I don’t think I’m good with money. My husband seems to be, as he has an amazing power of restraint, much like my father. Me? I’m a sucker. I lap up deals and I respond to the word “sale” faster than you can say Visa or Mastercard. While I don’t buy luxury, I do keep my eyes open for deals and steals that are worth it, like a nice pair of Italian leather boots marked down three times (and in my hard-to-find shoe size!) or buy one take one deals on virgin olive oil.



I have certain rules on spending, though. Any woman needs rules about money, I think, especially people like me who are easily tempted to snag impulse buys and such. Now that I have a family to take into account every time I shop, I have to be responsible about my money and things that I value.


1. Don’t spend more than you make. I know our combined incomes, my husband and I. We have to pay for the monthly rent and utilities, pay for the house help, and set aside savings. What we have leftover after all those deductions either goes into our investment fund or is spent on extras. My dad taught me to think about buying in a very simple manner: If you can’t afford to buy it and still maintain your standard of living, you can’t afford it. Simple. Spending what you don’t have is financial suicide.


2. As much as possible, pay in cash. My dad taught this to me early on, when I got my first credit card. Credit cards are more like transaction tools, he said. Lots of people spend on credit, falling behind on their payments and failing to pay even the minimum amount on their monthly statements. We experienced this on the first few months of marriage when we were just building up our momentum paying the rent, buying house stuff and making up our new home. Thankfully, we were able to pay off credit card debts before Christmas of that year, before the bills had the potential to get really unmanageable.


3. If you don’t need it, think twice before buying it. I’ve become better and better at this, I think! When I was single, I didn’t really care about how much I spent on shoes, clothes and bath & body loot (my secret addiction, hehe.) Since I was living with my parents and had my dad’s extension card, I pretty much would buy what I wanted. But when you’re a married woman and real life begins, you have to be wiser! Now, I don’t buy something unless I’ve mulled over it and eliminate all the negatives of buying that new pair of shoes or those new earrings.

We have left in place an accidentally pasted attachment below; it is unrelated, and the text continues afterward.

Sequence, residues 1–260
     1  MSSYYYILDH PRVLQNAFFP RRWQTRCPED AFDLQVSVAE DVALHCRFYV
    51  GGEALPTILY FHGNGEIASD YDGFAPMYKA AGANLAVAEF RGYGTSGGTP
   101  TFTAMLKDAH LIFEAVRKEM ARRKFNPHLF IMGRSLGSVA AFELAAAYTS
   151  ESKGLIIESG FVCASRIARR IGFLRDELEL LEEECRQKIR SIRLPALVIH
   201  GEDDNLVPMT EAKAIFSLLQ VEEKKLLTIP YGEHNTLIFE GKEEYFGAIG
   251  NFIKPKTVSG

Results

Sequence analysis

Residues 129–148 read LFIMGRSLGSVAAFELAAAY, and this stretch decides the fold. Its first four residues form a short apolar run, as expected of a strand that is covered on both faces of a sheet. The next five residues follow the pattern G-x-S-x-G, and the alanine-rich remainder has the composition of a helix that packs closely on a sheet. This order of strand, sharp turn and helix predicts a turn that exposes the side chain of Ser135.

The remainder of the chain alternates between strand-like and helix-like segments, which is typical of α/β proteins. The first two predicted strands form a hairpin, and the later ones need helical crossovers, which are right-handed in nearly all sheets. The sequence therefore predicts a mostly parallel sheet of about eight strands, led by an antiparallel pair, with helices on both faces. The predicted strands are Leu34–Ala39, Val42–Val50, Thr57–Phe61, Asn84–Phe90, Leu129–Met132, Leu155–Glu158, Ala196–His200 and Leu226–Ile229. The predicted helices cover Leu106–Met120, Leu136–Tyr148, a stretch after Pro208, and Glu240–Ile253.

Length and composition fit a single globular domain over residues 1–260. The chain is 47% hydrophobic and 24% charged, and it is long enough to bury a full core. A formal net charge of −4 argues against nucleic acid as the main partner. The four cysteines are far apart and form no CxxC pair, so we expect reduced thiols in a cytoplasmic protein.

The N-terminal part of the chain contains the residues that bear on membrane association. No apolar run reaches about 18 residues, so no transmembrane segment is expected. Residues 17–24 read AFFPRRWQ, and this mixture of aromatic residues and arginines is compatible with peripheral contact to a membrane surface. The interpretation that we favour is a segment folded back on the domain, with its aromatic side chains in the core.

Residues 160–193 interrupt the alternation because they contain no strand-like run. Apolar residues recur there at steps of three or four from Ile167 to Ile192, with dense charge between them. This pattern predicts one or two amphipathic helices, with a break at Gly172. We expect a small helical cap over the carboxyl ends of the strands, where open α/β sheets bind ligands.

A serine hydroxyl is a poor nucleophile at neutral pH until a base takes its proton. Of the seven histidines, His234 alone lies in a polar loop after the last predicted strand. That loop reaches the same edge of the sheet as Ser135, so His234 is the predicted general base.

4. Have different funds for different expenses. I have four different funds for my expenses. They are:

  • Payroll: My payroll is my “bread and butter” money. It’s sole purpose is to fund our way of life, specifically our food and anything related to the house. Since a regular amount comes in every month (I get salaried from abroad), I am able to allocate those funds to particular expenses such as the groceries, the weekly vegetable delivery, and the maid’s salary.
  • Personal account: This is where I deposit all my checks from local freelance jobs. From here I take a portion for my savings and for “luho” (or what I call “heart’s desires,” haha). From this fund, I’ve been able to buy a chest of drawers, a sofa, various pretty things for my kitchen and entertaining ware stock, and just yesterday, a new dining table. I also get my budget for clothes and “me” stuff here.
  • PayPal account: I need my PayPal account to receive payments from foreign clients. These are my sidelines, which I do to fund my frivolity. This is my “guilt-free” cash fund. I use it for online expenses (such as deal sites, when buying from online shops, etc), or I withdraw funds here to my personal account and use it for my own pleasure (read: shopping money, eat-out money, silly things for Vito money, etc).
  • Mutual fund: My husband and I opened up a mutual fund this year. I learned in recent years to think of savings and investments as an expense, a lesson which my dad taught me. Our investments in the mutual fund will indeed grow and help us secure future financial stability. Every time we add to our mutual fund, we’re saying “yes” to our dream home, our child’s future education, even our retirement.


5. If you have extra money, divide it between savings and “guiltless” expenses. When a bonus comes in from work or I get a little extra from doing sidelines, my husband and I put aside a portion for savings and then spend the rest on something that pleases us both, like a movie date or lunch at a new restaurant, or maybe a new pair of shoes for Vito. I don’t believe in being stingy and just saving up that little bit of extra cash, especially if we’ve already set aside our regular savings and planned our budgets. We deserve to enjoy little extras, don’t we? 🙂


A wise word on savings! Francis Colayco of the Colayco Foundation says that savings are expenses you stock up on for future use. When you get your monthly salary, you should  first deduct savings from there, then pay your monthly expenses and dues. Whatever you have leftover is what you can spend on those wants and desires.


So there, those are my rules on money, my money anyway. They’re not rocket science or anything breakthrough, but that’s my financial philosophy in a nutshell.


How about you? What’s your view on spending? How do you manage your money? Leave a comment and let’s exchange notes; I’d love to learn more about it.